I praise you, for I am fearfully and wonderfully made. (Psalms 139:14, ESV)
As we climb out of the valley of a health crisis, the Psalmist’s declaration is a good starting point for reflection. Our individuality and uniqueness unfold from two directions. They seem to be polar opposites, but in God’s hands they are majestically complementary. He is the ultimate artisan.
We feel the dark side first. Mortality and the apparent randomness built into our temporal existence disfigure us in individuated fashion. We are shaped by pre-sets we had no hand in choosing — place of birth, language, color of skin, physical maladies, cultural idiosyncrasies… the list is long. And while we live, we remain exposed to pain and loss… disease, natural disasters, politicians, borders, war, famine, victimization, genocide… so many things beyond our control.
We are each a distinct composite of how life happened to us… and, how we chose to deal with it. We have been broken and warped beyond our comprehension.
But that’s not the whole story.
We are fearfully and wonderfully made. Incomprehensible as it seems, our fragility and brokenness are part of God’s story. It’s a story about redemption. He came to seek and to save that which was lost. The personal disaster of us, interwoven with the restorative purposes of the Spirit, fashion a nuanced tapestry of life, love and grace… the likes of which no man-made religion can replicate.
The Master Artisan is the ultimate perfectionist. If he were human, we might wonder if he weren’t a little OCD. He never stops tweaking. Since he is the God of the dead as well as of the living, we should relax. He is a better long range planner than we are. His designs will work better than ours… and we will be amazed by the results.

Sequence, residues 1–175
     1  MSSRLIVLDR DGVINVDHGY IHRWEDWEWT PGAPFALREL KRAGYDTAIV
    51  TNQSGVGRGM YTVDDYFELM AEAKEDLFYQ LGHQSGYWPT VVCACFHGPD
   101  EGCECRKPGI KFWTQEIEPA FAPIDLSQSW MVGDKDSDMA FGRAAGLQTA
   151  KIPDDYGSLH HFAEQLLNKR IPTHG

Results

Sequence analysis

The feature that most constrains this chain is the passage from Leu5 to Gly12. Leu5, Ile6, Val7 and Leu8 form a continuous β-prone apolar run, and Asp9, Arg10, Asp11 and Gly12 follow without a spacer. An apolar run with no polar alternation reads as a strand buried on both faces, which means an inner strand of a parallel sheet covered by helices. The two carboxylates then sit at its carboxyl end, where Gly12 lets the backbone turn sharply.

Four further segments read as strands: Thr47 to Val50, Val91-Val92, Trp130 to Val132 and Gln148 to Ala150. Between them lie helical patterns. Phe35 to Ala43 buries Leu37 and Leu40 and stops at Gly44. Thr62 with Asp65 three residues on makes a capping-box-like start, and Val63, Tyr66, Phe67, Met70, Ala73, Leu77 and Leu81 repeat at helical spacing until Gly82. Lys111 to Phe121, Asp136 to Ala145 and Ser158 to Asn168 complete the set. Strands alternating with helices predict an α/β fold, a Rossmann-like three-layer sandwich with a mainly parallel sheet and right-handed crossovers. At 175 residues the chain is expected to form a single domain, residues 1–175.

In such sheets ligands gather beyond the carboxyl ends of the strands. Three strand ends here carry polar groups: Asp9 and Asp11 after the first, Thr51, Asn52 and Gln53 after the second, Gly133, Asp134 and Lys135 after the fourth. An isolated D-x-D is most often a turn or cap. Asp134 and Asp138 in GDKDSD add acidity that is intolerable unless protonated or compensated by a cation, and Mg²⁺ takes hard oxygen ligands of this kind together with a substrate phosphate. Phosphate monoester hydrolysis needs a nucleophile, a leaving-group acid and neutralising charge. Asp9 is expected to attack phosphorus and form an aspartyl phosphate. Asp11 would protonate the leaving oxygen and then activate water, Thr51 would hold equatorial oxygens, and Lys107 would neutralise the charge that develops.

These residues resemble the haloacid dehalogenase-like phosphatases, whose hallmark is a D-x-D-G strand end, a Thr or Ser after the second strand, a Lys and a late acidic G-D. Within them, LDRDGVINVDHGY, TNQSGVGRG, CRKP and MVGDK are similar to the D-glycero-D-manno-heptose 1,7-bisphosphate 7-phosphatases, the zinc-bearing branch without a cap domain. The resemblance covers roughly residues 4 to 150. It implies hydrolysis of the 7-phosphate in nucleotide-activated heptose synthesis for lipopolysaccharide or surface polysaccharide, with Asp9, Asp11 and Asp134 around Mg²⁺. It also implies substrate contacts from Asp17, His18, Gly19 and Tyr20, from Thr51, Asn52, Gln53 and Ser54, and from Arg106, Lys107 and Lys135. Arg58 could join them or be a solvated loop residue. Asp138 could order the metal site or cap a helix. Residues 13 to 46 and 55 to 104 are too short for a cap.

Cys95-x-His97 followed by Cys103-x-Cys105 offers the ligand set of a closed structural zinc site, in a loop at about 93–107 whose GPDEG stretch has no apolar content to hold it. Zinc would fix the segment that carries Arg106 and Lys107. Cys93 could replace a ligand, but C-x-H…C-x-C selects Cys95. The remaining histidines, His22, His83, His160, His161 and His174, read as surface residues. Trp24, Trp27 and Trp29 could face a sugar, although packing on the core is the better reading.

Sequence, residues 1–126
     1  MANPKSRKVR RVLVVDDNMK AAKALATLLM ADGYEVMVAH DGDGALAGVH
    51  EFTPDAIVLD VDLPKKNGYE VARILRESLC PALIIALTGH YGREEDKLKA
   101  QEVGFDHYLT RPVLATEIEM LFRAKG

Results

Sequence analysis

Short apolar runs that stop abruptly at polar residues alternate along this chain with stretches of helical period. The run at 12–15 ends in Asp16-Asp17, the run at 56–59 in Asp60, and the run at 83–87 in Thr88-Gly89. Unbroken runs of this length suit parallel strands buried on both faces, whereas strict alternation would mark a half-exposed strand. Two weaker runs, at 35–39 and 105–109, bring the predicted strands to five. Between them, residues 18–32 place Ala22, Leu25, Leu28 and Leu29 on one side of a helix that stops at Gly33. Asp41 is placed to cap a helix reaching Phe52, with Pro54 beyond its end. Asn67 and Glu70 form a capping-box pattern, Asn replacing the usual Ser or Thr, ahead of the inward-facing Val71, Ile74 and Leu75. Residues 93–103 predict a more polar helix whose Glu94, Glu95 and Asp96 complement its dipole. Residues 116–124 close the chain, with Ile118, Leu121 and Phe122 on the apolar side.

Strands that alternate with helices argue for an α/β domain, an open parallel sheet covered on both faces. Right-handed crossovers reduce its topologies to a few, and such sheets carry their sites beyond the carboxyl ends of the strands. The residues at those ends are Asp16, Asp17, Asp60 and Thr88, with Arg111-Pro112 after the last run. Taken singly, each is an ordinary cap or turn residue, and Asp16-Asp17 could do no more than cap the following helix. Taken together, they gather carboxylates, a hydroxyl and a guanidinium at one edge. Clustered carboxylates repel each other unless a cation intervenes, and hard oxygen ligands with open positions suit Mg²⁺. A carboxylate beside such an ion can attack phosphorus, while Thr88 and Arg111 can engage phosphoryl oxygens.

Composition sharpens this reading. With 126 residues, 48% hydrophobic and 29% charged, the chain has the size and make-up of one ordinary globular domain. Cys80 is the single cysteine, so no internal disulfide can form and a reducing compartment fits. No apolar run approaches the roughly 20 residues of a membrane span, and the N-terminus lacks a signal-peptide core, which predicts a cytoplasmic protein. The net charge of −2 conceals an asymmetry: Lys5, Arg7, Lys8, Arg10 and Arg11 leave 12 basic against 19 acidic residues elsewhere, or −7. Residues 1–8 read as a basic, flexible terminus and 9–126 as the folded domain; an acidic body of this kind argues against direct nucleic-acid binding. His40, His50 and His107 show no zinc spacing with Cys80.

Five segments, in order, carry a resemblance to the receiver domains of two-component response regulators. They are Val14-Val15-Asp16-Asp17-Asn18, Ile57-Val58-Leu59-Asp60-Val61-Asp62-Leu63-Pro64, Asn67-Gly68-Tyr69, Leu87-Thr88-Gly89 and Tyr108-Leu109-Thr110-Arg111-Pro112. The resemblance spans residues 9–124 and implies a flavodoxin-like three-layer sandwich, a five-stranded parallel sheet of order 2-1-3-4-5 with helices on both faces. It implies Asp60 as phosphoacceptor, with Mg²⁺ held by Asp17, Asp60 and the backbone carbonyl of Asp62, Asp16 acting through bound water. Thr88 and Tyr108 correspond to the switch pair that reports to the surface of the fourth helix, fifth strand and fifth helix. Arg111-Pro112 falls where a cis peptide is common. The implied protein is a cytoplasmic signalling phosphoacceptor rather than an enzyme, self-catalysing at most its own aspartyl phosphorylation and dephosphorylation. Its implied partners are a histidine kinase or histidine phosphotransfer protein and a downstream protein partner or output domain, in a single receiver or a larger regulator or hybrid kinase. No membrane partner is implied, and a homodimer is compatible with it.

Our tapestry’s look is fluid. With the passage of time, brightly colored patterns are supplanted by pastels… distinct lines blanch to blended subtleties. God values us in our old age as much as he always has… even as he orchestrates our physical decline.
At any given point on our continuum, we can be grateful for what the Artisan has done so far. Greg and Carol are who we are because of who we were. And paradoxically, we look back 30-40 years and realize how unfinished our tapestries were. Knowing he’s not finished yet keeps our hope burning bright.
If I’m God’s unfinished tapestry with only the slightest clue about how the completed masterpiece will look, then so are the people at table with me. He’s doing a unique work in each of us… a tapestry of love unfolding in ways we scarcely understand.
Quality sobremesa times remind me: the best thing I can do is get out of the way. I have come to fear the brutishness of thinking I have a handle on what people need to hear from me. No pretention is needed… no personal agenda to impose… no conditions attached to my love for the rest at the table.
Let’s just eat together! Good food provides the setting... it predisposes the heart.
He did good by giving you rains from heaven and fruitful seasons, satisfying your hearts with food and gladness. (Acts 14:17, ESV)
Let’s ooh and aah a lot at the tapestries of each other’s lives. Let’s infuse each other with hope as we cede control of our lives to God today… and again tomorrow.
Who knows where it might lead…